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Wanadoo Netherlands has suddenly dropped Joltid's PeerCache, software designed to reduce costs of network traffic by caching frequently traded files within file-swapping system such as KaZaA, saying “it was only an experiment”.

It seems that Wanadoo's parent company in Paris became a little too anxious about copyright liability. In a corporate statement describing the experiment a couple of weeks ago, Wanadoo underlined that it didn't want to encourage “infringements on copyrights”.

Peercache is built to work for FastTrack, one of the most widely used P2P protocols. Wanadoo's Dutch subsidiary was one of the first ISPs to work with the software. It cached 0.8 terabyte of frequently asked files (albeit not in any recognisable form) on local servers, thereby reducing the volume of international traffic by 25 per cent or more, according to Wanadoo business development manager Lammert van Raan.

Wanadoo Netherlands believed the cache was legal, saying that several countries had amended their copyright laws to permit temporary caching and that caching only impacted the load on the ISP's network.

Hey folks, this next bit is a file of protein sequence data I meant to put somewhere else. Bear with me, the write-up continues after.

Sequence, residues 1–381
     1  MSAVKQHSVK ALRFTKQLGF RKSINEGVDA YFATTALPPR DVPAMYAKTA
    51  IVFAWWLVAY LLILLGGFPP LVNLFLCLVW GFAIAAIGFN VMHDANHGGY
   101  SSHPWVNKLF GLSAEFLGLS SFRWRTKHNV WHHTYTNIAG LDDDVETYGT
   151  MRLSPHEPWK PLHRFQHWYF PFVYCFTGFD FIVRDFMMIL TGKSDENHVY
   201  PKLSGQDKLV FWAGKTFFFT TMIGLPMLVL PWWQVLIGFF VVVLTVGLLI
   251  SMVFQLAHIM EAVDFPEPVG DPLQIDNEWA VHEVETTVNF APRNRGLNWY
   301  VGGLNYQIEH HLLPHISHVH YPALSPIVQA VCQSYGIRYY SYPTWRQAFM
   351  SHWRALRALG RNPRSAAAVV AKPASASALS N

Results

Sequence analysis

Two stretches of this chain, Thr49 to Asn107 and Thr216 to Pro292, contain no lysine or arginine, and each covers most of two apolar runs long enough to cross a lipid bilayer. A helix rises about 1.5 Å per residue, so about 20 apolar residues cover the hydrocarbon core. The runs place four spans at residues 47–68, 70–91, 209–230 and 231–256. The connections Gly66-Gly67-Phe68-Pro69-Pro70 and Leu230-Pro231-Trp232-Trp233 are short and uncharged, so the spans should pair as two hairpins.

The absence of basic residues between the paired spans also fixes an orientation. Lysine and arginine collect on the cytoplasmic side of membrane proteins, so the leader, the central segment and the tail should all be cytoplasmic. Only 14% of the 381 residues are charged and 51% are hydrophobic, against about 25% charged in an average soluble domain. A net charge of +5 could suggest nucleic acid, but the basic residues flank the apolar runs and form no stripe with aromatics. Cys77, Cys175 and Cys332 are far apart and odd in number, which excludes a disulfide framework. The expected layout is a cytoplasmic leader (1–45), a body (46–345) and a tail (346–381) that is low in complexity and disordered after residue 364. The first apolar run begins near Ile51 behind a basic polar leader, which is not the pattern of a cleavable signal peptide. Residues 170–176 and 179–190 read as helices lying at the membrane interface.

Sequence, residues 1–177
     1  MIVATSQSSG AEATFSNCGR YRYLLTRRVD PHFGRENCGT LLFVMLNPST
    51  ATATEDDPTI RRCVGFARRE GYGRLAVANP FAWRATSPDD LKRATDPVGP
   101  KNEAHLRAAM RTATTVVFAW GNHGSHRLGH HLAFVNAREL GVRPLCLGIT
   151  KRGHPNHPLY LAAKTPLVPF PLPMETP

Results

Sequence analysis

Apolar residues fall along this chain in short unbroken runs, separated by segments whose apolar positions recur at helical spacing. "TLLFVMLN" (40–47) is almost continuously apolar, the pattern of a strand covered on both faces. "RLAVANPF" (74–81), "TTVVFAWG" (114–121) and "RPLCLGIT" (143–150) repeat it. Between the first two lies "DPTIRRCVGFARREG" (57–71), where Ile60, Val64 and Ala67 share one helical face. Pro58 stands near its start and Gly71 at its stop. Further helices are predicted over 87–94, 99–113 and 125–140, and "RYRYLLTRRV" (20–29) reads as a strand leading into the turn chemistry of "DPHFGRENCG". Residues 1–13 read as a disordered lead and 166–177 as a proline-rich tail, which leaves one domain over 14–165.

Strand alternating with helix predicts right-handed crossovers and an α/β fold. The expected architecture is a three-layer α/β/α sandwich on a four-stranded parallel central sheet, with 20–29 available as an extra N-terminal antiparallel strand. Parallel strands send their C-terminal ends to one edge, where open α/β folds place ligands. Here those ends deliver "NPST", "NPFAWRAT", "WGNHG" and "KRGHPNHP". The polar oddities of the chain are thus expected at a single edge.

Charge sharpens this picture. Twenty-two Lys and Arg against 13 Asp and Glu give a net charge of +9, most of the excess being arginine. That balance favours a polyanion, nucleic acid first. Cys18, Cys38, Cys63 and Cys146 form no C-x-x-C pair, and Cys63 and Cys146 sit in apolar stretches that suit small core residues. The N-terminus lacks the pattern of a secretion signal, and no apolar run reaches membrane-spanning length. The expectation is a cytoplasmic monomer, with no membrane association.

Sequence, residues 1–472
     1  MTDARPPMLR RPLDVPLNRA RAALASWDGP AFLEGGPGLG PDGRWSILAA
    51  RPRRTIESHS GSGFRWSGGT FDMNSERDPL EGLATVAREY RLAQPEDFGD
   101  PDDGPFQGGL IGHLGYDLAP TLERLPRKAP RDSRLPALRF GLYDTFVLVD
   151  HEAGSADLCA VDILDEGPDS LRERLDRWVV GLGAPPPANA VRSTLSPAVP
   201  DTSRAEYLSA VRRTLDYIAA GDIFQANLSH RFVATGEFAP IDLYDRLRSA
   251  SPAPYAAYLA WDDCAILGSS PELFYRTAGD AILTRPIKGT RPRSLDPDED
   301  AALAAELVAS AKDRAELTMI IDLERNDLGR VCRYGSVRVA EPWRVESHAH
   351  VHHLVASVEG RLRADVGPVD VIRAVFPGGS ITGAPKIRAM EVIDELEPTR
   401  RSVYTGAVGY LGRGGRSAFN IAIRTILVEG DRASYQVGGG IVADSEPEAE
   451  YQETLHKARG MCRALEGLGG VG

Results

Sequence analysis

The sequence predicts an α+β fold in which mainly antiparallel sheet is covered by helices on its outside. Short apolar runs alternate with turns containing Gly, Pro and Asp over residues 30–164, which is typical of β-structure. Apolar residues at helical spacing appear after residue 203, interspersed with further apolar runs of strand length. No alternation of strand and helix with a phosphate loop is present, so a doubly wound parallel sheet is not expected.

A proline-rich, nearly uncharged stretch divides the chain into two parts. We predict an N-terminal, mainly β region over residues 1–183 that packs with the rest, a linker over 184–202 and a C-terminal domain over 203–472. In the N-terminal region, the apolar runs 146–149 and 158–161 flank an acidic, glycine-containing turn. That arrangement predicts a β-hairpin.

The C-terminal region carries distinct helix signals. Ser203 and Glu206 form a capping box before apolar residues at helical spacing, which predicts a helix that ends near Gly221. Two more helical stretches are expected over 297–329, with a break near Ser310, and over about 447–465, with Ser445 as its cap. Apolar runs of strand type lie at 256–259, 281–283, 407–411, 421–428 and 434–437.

Joltid founder Niklas Zennstrom, who co-founded KaZaA, also defended Peercache. He emphasized that caching internet traffic has nothing to do with “encouraging the use of P2P software for illegal purposes”.

The IFPI, the trade association representing the international recording industry, didn't agree. It said the word “caching” doesn't mean that the service is automatically excused from copyright liability.

A couple of weeks ago Joltid announced that three major service providers in Europe have licensed its Peercache technology, but these partners have not yet publicly disclosed their association with the company. According to Zennstrom more than 20 ISPs are still evaluating the product. ®

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